Martin Scorsese Presents The Blues

Martin Scorsese Presents "The Blues"

Part One of Four

First Appeared at The Music Box, October 2003, Volume 10, #10

Written by John Metzger


On September 28, PBS will air the first segment of a seven-part series that provides an in-depth examination of the blues. Acclaimed director Martin Scorsese served as the catalyst for the project, which features films directed by Scorsese as well as Wim Wenders, Richard Pearce, Charles Burnett, Marc Levin, Mike Figgis, and Clint Eastwood — each of whom was given the mission of exploring the blues through his own personal style and perspective. Needless to say, this program is the true definition of "must see TV," but for those who want even more, a special DVD-set that includes all seven films plus three hours of bonus material will be released on October 7.

In conjunction with the film project, Universal Music and Sony Legacy have combined their efforts, combed their archives, and culled material from other labels in order to create the most comprehensive blues compilation ever to be presented. Featuring nearly 500 songs, the collection will cover material recorded between the 1920s and present day, including 30 brand-new tracks. The centerpiece is a 5-disc box set titled The Blues: A Musical Journey, which pulls together 116 tunes and touches briefly upon nearly every important blues artist of the 20th Century. For those seeking something either more or less in-depth, there are separate soundtracks for each of the films, 12 individual artist compilations (Robert Johnson, Son House, Muddy Waters, B.B. King, Eric Clapton, Jimi Hendrix, Keb’ Mo’, Stevie Ray Vaughan, J.B. Lenoir, Taj Mahal, Bessie Smith, and the Allman Brothers Band), and a 21-track, single disc overview of the project, so one need look no further to build an astounding blues catalog.

Still, whether one opts for the 5-disc box set or some combination of the other 19 compilations, this is quite an enormous investment. Not to mention, paring down the collection to something more manageable is an extraordinarily difficult task. The Music Box has opted to cover a mere four albums from this mammoth project, and these were chosen after much consideration was given to the song cycle contained on each album. In a way, the individual artist compilations speak for themselves, leaving the seven separate soundtracks. The final four — Feel Like Going Home: A Film by Martin Scorsese, The Soul of a Man: A Film by Wim Wenders, Warming by the Devil’s Fire: A Film by Charles Burnett, and Piano Blues: A Film by Clint Eastwood — were selected carefully in order to balance personal interest with the needs of our readers.


Feel Like Going HomeVarious Artists
Feel Like Going Home: A Film by Martin Scorsese

Like most people, Martin Scorsese was drawn into the blues through his enjoyment of rock ’n‘ roll. Upon digging deeper, he discovered a rich and vast heritage, and the further he delved, the more he found. In fact, Scorsese soon realized that the legacy of the blues formed a two-way cultural highway that stretched across continents. With the help of contemporary bluesman Corey Harris, Scorsese explored and examined this exchange of ideas, taking a journey that followed a path from Mississippi to West Africa. Together, the duo searched for the blues’ earliest beginnings and in the process charted its evolution.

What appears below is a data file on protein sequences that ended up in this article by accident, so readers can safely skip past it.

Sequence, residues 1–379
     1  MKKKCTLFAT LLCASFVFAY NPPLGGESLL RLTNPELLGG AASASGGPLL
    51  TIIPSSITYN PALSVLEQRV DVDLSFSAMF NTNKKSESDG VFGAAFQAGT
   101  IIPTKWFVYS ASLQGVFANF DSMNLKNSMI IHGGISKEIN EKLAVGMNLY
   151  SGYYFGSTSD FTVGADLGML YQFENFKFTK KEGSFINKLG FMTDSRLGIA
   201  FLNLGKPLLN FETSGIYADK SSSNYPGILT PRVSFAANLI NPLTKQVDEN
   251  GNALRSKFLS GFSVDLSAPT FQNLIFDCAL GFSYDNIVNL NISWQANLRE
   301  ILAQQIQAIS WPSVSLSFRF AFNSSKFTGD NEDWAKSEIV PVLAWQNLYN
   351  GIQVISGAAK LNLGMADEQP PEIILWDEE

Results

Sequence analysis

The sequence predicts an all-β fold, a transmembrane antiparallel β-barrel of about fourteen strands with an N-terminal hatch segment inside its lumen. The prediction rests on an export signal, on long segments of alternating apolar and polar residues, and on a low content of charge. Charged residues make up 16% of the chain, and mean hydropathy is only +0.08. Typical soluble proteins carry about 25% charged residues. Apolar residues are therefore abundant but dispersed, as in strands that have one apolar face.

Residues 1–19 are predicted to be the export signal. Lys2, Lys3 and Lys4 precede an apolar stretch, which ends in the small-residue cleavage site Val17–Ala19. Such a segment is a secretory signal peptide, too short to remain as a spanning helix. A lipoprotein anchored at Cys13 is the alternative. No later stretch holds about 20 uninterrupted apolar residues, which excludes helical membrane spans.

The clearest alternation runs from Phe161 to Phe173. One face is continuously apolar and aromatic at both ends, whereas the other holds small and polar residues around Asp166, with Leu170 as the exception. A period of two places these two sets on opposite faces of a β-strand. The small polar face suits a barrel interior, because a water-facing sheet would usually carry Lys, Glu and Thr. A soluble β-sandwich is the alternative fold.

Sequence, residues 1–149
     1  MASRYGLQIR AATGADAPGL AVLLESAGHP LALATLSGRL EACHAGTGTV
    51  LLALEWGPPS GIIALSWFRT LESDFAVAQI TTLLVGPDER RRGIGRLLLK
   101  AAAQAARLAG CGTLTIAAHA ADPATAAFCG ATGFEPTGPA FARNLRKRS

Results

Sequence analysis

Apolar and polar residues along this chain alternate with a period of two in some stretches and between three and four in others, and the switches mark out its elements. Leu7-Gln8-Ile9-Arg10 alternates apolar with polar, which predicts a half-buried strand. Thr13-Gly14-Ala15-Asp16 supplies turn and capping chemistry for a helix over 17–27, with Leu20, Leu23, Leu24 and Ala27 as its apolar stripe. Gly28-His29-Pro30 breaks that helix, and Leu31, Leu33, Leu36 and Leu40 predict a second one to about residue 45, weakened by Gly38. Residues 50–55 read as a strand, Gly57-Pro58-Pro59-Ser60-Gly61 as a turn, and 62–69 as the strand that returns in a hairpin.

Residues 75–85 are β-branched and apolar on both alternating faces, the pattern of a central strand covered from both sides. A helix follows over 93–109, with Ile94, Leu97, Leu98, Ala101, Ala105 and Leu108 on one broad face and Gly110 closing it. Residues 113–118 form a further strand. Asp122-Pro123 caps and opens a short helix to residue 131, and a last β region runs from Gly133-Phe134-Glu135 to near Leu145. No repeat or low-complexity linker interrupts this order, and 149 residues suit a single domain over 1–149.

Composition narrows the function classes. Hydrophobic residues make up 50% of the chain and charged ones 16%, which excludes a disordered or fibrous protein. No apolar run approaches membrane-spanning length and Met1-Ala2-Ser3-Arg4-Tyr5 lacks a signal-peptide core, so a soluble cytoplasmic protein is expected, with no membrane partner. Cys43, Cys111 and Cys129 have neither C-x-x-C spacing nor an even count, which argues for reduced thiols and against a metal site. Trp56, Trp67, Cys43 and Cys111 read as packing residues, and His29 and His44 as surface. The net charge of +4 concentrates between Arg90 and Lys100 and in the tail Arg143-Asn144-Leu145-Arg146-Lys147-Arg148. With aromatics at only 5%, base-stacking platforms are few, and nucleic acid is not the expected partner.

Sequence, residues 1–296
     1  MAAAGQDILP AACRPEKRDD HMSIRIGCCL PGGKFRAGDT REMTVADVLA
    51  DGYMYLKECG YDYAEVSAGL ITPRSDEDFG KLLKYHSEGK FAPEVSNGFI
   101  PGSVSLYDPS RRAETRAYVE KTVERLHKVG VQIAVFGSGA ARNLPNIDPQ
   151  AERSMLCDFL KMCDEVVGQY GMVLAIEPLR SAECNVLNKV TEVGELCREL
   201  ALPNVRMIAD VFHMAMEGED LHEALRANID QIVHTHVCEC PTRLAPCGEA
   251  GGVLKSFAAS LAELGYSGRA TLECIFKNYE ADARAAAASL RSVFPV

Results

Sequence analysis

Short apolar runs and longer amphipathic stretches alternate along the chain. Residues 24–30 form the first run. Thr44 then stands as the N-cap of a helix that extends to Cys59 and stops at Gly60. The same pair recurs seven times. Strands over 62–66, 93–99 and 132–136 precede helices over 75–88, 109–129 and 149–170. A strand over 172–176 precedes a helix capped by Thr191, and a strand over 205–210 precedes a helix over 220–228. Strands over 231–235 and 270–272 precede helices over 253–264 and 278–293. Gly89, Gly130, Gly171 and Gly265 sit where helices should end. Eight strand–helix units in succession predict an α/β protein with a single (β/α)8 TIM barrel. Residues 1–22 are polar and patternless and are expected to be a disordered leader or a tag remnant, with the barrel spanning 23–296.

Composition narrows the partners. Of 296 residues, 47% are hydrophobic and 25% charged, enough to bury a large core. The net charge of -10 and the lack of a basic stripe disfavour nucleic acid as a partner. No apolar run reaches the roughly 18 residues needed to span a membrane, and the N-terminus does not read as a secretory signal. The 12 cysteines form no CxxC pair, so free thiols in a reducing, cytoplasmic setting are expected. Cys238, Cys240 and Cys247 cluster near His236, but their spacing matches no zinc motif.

As one might expect, the soundtrack to Feel Like Going Home winds its way along the same thread of logic, beautifully relaying the story in song. It begins with Robert Johnson’s Traveling Riverside Blues and concludes with a recent interpretation of Willie Dixon’s My Baby by Otha Turner and The Rising Star Fife & Drum Band. In between, the influence of Walkin’ Blues, which has been attributed to and performed by both Son House and Robert Johnson, is felt within tracks by Muddy Waters and Taj Mahal, and the intermingling of performances by Turner, Napoleon Strickand & The Como Drum Band, Willie King & The Liberators, John Lee Hooker, Salif Keita, and Ali Farka Touré provides a picture-perfect, cross-cultural, and cross-generational snapshot that is as educational as it is enjoyable.

For certain, this is a lot of ground to cover, and Feel Like Going Home’s 20 songs in 80 minutes merely begin to scratch the surface of the blues’ extraordinary lineage. Yet, miraculously, Scorsese and Harris find a way to cast a discerning eye on the genre, focusing on the connections between the artists, and painting a concise, but vivid picture of the music that has shaped and reshaped the history of rock ’n‘ roll and ultimately civilizations. starstarstarstarstar


46th Annual Grammy Award Winner:
Best Album Notes

46th Annual Grammy Award Winner:
Best Historical Album


Of Further Interest...

Part Two: The Soul of a Man: A Film by Wim Wenders

Part Three: Warming by the Devil's Fire: A Film by Charles Burnett

Part Four: Piano Blues: A Film by Clint Eastwood


Feel Like Going Home is available from Barnes & Noble.
To order, Click Here!

The Blues: A Musical Journey (CD Box Set) is available
from Barnes & Noble. To order, Click Here!

The Blues: A Musical Journey (DVD Box Set) is available
from To order, Click Here!



1 Star: Pitiful
2 Stars: Listenable
3 Stars: Respectable
4 Stars: Excellent
5 Stars: Can't Live Without It!!


Copyright © 2003 The Music Box